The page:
And yet, we are too careless in applying it. See a church with lights? Ah, it must be a rock show. See a band front and center? They must be ego-maniacs. Yet it is not simply the presence of a cultural form in Christian worship that matters; it is how Christians inhabit that form.
There is a parallel here in Biblical studies. When a young bible student discovers that there were Babylonian stories of a ‘Job’-like character, he may be initially dismayed. Oh no. The Bible is not true after all. It is simply borrowing well-known ancient myths and reworking them. But such a conclusion would be a mistake. For it is not simply the presence of the myth that matters; it is how the Israelite storytellers ‘inhabited’ that myth— how they made it their own and re-worked it. And the differences make all the difference. With Job, it matters greatly that YHWH speaks to Job, whereas the Babylonian god, Marduk, does not. YHWH is not simply transactional, giving back what was lost; YHWH is fiercely personal.
And so in worship services, we must not be lazy and look only for similarities between a church service and a rock concert. We must also pay attention to the differences.
Here’s an example. At a recent conference our church hosted, our worship team came out to lead after a well-produced, creative and inspiring video opener. Now, the genre of conference opening sessions says, “Open big! Capitalize on the excitement! Build the momentum!” To be sure, there is nothing evil about doing that. Yet, Jon Egan—my friend and the worship pastor at New Life Church— chose to subvert the script. They came on stage unspectacularly. Jon was hidden behind the other leaders playing a floor tom drum for the first song, a mid-tempo number with no added hype.
Think more deeply: What are the other elements of the ‘rock concert’ cultural form? A front man or woman, lights (focused on the lead singer), perhaps music that capitalizes on the emotion. But you know what our team did? There were six people across the front, and the darn thing about even numbers is no one becomes the center. When Jon— surely the one in everyone’s mind who should be the leader— finally did speak, we were four songs in and in a worshipful frame of mind. And during the song that he did lead, the lights all of sudden went dim, silhouetting the band, drawing our focus further upward on God.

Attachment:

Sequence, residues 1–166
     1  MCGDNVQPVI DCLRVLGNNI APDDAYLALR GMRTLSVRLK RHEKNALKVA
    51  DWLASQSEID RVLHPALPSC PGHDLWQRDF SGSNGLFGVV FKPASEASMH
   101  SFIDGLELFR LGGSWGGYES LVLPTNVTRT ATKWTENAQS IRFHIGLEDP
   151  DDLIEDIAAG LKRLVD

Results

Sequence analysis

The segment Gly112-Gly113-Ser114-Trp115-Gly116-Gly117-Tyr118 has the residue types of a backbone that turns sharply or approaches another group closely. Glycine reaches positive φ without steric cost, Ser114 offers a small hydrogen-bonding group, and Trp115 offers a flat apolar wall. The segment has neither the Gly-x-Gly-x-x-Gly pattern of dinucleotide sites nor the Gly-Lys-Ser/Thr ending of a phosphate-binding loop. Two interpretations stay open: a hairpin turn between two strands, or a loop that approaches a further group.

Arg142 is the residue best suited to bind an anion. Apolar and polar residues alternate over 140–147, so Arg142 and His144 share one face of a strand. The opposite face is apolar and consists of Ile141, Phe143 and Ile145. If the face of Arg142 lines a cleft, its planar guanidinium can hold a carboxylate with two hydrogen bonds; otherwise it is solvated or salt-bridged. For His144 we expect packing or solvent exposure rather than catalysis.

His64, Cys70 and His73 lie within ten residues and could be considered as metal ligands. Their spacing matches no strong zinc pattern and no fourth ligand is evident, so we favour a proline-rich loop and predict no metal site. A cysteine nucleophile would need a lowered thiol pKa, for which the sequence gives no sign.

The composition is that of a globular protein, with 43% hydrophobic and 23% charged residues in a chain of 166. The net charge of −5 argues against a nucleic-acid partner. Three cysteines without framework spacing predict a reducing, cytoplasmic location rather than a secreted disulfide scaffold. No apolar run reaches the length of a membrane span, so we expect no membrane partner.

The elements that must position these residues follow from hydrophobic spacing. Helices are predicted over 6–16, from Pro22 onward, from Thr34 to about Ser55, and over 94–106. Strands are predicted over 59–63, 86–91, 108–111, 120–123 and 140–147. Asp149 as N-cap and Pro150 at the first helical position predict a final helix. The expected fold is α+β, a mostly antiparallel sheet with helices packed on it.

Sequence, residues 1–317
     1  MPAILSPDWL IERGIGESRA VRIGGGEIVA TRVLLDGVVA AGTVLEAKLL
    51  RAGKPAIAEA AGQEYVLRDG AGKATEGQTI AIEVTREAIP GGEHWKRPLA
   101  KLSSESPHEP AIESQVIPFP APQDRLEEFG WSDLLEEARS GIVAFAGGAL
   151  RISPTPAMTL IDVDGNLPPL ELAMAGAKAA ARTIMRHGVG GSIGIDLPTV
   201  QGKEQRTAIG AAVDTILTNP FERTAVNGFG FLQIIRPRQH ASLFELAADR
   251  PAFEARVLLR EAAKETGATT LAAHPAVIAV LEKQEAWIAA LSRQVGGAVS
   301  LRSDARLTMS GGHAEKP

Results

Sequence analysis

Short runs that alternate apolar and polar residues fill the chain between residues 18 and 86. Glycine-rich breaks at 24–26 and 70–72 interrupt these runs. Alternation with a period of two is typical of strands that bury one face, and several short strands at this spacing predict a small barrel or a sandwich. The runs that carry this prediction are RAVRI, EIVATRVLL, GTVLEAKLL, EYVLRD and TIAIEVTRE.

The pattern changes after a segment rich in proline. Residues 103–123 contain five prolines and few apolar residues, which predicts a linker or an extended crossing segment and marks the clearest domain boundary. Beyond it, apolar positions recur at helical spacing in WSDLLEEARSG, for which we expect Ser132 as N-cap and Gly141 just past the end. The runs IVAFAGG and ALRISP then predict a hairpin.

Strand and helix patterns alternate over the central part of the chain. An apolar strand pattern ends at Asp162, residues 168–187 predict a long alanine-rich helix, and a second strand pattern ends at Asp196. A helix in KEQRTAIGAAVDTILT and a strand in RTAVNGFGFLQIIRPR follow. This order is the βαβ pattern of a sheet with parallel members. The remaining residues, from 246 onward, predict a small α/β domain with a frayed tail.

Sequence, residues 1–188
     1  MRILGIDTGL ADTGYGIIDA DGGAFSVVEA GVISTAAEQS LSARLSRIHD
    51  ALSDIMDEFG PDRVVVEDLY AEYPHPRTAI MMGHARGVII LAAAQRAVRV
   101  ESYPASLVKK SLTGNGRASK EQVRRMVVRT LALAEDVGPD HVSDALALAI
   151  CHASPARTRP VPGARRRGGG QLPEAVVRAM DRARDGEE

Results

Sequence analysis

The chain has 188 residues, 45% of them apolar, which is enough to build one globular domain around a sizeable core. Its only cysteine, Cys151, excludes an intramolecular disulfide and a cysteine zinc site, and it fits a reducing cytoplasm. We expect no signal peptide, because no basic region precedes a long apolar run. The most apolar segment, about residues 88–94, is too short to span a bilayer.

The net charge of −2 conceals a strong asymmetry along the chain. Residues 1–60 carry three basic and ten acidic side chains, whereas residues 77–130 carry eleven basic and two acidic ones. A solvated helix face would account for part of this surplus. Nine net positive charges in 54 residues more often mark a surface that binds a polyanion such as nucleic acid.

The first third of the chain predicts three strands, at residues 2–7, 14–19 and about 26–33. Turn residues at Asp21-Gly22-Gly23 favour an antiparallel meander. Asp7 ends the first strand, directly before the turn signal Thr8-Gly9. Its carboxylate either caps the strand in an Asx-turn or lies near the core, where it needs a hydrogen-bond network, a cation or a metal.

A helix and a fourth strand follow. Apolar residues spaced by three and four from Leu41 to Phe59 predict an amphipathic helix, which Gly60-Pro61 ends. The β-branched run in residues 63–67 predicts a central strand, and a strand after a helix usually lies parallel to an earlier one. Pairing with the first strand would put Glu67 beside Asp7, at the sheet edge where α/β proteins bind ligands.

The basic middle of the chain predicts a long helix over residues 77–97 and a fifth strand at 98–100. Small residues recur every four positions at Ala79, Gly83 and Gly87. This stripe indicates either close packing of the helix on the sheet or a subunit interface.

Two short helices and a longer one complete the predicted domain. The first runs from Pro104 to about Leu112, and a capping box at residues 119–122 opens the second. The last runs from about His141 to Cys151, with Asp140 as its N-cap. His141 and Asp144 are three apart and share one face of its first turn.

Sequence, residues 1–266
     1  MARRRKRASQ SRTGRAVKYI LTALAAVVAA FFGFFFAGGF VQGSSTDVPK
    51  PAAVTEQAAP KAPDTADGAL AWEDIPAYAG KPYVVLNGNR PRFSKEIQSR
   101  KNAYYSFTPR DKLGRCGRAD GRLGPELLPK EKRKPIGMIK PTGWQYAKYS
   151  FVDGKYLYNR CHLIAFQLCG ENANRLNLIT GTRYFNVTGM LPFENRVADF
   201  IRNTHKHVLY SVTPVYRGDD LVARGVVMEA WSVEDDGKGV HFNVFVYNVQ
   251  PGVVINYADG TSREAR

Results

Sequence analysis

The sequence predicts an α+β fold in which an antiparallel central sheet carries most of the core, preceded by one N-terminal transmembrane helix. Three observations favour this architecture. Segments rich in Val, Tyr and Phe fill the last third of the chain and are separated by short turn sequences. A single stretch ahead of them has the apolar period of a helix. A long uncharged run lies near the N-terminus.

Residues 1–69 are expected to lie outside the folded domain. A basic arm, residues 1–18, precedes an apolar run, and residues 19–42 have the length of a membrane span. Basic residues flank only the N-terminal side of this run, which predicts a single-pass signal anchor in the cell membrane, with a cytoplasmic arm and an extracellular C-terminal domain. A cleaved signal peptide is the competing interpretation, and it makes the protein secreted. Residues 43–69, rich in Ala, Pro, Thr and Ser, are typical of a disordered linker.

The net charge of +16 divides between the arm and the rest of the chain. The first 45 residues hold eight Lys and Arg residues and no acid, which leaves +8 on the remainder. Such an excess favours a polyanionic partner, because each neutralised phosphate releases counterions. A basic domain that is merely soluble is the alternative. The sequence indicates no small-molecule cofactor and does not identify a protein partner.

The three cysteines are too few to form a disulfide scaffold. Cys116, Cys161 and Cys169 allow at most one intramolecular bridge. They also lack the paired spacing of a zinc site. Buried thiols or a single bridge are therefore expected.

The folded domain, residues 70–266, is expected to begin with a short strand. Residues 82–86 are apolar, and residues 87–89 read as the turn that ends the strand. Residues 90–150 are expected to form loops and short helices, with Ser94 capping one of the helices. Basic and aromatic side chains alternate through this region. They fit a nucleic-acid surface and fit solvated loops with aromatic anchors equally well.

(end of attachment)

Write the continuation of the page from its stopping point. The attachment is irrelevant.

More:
Now, this is simply one example. You can think of others. And it does not solve all our problems with borrowing the rock concert form. But that’s the point: there is no easy way through this— no easy critiques and no easy defenses.
We must constantly wrestle when we borrow cultural forms; we must work intentionally and attentively to let all the elements— sight and sound and action— center on Christ and proclaim the Gospel.
But such carefully work won’t be the result of cheap critiques of modern worship.
It’s Too Repetitive
No one would deny that this is true, is true, true, true…(Sorry). The question is whether this is in itself problematic. While studying for a series on 1 John at our church, I came across these paragraphs from N. T. Wright on how John’s writing style is repetitive and why repetition can be a good thing:
“Sometimes when we sing hymns, the hymns tell a story. They move from one idea to another, in a linear fashion. There is something satisfying about this. We all like stories, and even when the ‘story’ is a sequence of ideas, it makes sense to us. We feel we have been on a journey. We have arrived somewhere where we were not before. But sometimes, in some traditions at least, the things we sing in church are deliberately repetitive. We use them quite differently: as a way of meditation, of stopping on one point and mulling it over, of allowing something which is very deep and important to make more of an impact on us than if we just said or sung it once and passed on. Quite different traditions find this helpful: the Taizé movement in France, for instance, uses some haunting brief songs or chants; but you find the same thing in many branches of the modern charismatic movement, where repetition is an essential part of worship. True, some people find these tedious, and want to get back to old-fashioned hymns as quickly as possible. This may be partly a matter of personality. But it may also be that such people are unwilling to allow the truth of which the poem speaks to get quite so close to them. Repetition can touch, deep down inside us, parts that other, ‘safer’ kinds of hymn cannot reach, or do not very often.“